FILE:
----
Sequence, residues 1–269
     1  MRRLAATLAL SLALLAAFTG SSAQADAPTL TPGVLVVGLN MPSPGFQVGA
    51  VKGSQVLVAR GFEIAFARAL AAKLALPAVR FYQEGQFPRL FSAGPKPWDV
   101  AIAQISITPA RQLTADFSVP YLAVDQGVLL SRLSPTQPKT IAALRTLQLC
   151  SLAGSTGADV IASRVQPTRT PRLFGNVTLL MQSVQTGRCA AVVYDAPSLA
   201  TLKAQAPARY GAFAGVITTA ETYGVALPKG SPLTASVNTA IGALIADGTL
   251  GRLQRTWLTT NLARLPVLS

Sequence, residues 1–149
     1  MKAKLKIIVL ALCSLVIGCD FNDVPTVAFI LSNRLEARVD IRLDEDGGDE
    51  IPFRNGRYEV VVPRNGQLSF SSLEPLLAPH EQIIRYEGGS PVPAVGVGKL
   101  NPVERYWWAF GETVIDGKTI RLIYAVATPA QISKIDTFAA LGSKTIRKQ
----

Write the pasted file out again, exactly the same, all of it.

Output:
Sequence, residues 1–269
     1  MRRLAATLAL SLALLAAFTG SSAQADAPTL TPGVLVVGLN MPSPGFQVGA
    51  VKGSQVLVAR GFEIAFARAL AAKLALPAVR FYQEGQFPRL FSAGPKPWDV
   101  AIAQISITPA RQLTADFSVP YLAVDQGVLL SRLSPTQPKT IAALRTLQLC
   151  SLAGSTGADV IASRVQPTRT PRLFGNVTLL MQSVQTGRCA AVVYDAPSLA
   201  TLKAQAPARY GAFAGVITTA ETYGVALPKG SPLTASVNTA IGALIADGTL
   251  GRLQRTWLTT NLARLPVLS

Sequence, residues 1–149
     1  MKAKLKIIVL ALCSLVIGCD FNDVPTVAFI LSNRLEARVD IRLDEDGGDE
    51  IPFRNGRYEV VVPRNGQLSF SSLEPLLAPH EQIIRYEGGS PVPAVGVGKL
   101  NPVERYWWAF GETVIDGKTI RLIYAVATPA QISKIDTFAA LGSKTIRKQ